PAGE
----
Monday, April 1, 2013

Feliz Páscoa

, todo mundo! Espero que foi ótimo.

Here in Brasil, I only knew Easter was coming because of all the "ovos de Páscoa" (Easter Eggs) in the grocery store. There were no fluffy bunny cartoons, no peeps, no jelly beans. Just big, chocolate eggs  with a prize inside, all wrapped up in shiny paper. They're expensive, too. On Friday night, we stopped at our favorite little mercedinho for bananas and the owner MADE us eat a feast of super expensive fish with him (he tried to offer us wine, too, but we escaped that one), and then he MADE us accept a little ovo de Páscoa. God bless that man. He's always giving us free food and water. We were super excited about the easter egg and took a picture with it. I realized that I'll only have one Páscoa in the mission! How strange....
   Sister Freitas, the one who was attacked by a dog last week, is from Porto Alegre. She wants to know if Ryan remembers Elders Wadsworth, Cocks, or Oliveira, because they taught and baptized her during Ryan's time in the mission.
My Português is coming along. Improving day by day. People tell me that I have an accent still, but the strange part is that they all think I'm from Argentina. After I speak, people always, always are confused about where I'm from. Sometimes they think I'm from Rio Grande do Sul (where Ryan served), and other times they think I'm from Argentina. It's rare now for people to assume I'm an American after hearing me speak. Strange, huh? I'll take it! I don't know how I developed such a warped accent-- I try so hard to speak like the Bahianos-- but it's better than an American accent! I was especially delighted this past week when Sister Freitas called me on the phone, sounded super confused about who she was talking to, and later in the day told me that I sounded like a Brasilian on the phone. Yes! Progress at last!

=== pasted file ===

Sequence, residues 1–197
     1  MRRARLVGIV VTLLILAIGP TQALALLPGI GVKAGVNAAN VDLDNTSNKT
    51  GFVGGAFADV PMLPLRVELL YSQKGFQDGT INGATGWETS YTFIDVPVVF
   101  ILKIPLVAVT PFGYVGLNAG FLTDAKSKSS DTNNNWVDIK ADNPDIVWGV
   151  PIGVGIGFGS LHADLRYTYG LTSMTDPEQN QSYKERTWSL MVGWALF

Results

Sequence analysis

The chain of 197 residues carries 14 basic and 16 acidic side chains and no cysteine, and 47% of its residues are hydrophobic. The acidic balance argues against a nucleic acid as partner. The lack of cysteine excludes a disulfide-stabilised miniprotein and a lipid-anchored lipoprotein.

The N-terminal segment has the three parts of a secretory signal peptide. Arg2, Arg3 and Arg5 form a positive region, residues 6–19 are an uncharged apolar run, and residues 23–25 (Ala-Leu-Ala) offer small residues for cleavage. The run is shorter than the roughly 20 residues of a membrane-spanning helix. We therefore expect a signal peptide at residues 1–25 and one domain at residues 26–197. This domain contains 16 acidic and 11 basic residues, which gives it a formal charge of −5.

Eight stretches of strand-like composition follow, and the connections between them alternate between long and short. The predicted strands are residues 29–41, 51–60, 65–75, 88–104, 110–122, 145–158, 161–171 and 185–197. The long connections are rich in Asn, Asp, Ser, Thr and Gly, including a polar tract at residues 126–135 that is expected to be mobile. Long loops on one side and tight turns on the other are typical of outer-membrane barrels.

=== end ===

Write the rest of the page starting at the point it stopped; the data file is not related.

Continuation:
As far as the work goes.... Well, I'm sure we're doing some good here. There are 5 people who were formerly inactive members who are now coming to church every Sunday. So that's good! Maybe if we can keep this up, the work will start to progress more rapidly.

    I was reading about the temple the other day in True to the Faith and I was very impressed by this statement: "Only the home compares to the temple in sacredness."
    Wow. What does that tell you about the importance of the home and family? This week's challenge for y'all is to ask yourself: How is your home like the temple?
I had a very powerful hour of study going off of that one thought. It sure clarifies why the leaders of the church are always stressing the importance of the family, and why the adversary is attacking it so ruthlessly. I'm surrounded every day here by broken families and let me tell you, it all begins with the choice to live together before you get married. You don't have to be religious to see that here. It's just a fact. All of Brasil's problems as a nation can be traced back to broken families, and broken families can be traced back to the fact that marriage is not important to these people. "It's expensive and unnecessary," they say. Then come children born out of wedlock, being raised by their grandparents, aunts, uncles, one parent, a sibling, or gangs, then having children themselves out of wedlock and the cycle goes on and on. Here in my area, about half (or more) of the people we teach are illiterate. When the people are illiterate, government is easily and quickly corrupted. It's a fast downward spiral in a nation when marriage, home, and family are not a priority.
   I have a testimony of the Family. I have a testimony that, truly, the only way to change the world is to preach the gospel of repentance. I love that I get to do this every day!

-Sister Railee

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